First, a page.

R E V I E W   B Y   R I C H   C L I N E dir Michael Tollin
scr Mike Rich
with Cuba Gooding Jr, Ed Harris, Alfre Woodard, Debra Winger, Chris Mulkey, S Epatha Merkerson, Riley Smith, Brent Sexton, Sarah Drew, Patrick Breen, Bill Roberson, Kenneth H Callender
release US 24.Oct.03, UK 14.May.04
03/US 1h49

Put me in, coach: Gooding and Harris

harris gooding
woodard winger
Radio Support Shadows: Buy a Poster
If it weren't true, this film would be unbearable in its heartwarming expressions of tolerance and love. But it is true, and the characters have an authenticity that transcends the over-earnest filmmaking. As a young man, James Robert Kennedy (Gooding) is nicknamed for the ubiquitous radio he carries around his South Carolina town. It's the mid-1970s, and his race and mental disability leave him on the fringe of society until the high school's Coach Jones (Harris) asks him to help with the football team he's so clearly fascinated with. As their friendship deepens, they draw out the best in each other and the team, even as the town remains suspicious of Jones' motives and Radio's place in society.

Even though Tollin's direction is too slick and cosy, the film comes to life in its vividly written and performed characters. Gooding somehow avoids grandstanding in what would normally be an Oscar-bait role; he remains completely unselfconscious, drawing out Radio's simple honestly without ever being noble. And Harris expertly underplays the script's heroism to instead play a normal guy doing the right thing for a change, but still finding room for improvement. Supporting characters are also strong--Woodard as the conflicted school principal, Merkerson as Radio's earthy and caring mother, Smith as a jealous but thoughtful star player, and especially Winger as Jones' patient wife. Mulkey is also good in the thankless villain role, but it's here that the film begins to unravel: Why do we need a villain?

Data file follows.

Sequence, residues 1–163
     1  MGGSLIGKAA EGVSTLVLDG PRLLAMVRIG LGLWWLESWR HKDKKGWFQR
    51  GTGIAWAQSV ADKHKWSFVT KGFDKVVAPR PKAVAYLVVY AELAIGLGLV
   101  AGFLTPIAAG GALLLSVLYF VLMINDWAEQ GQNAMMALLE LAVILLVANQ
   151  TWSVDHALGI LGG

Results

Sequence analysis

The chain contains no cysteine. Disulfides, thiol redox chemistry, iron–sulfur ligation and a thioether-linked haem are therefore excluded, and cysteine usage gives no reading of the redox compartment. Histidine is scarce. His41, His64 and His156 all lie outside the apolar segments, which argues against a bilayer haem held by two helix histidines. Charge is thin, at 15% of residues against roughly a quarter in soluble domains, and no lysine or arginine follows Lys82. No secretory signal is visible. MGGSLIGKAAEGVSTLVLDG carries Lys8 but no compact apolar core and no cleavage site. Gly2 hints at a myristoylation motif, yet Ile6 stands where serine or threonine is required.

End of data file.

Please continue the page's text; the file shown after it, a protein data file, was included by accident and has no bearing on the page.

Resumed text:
Screenwriter Rich seems obsessed with introducing dramatic conflict, which feels both strained and convenient. Everything remotely meaningful in the narrative is telegraphed heavily both in the script and in the filmmaking itself (major musical shifts, clunky direction). At least they avoid a cornball climactic game or an overwrought gruelling confrontation in lieu of an intriguingly understated finale ... which of course gets very weepy. As a look at how one person's compassion can transform someone else--and a whole community--this is a powerful story indeed. But it would be much better as a scruffy indie, free from the slick, manufactured structure of Hollywood.

cert PG themes, some language 8.Apr.04

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2004 by Rich Cline, Shadows on the Wall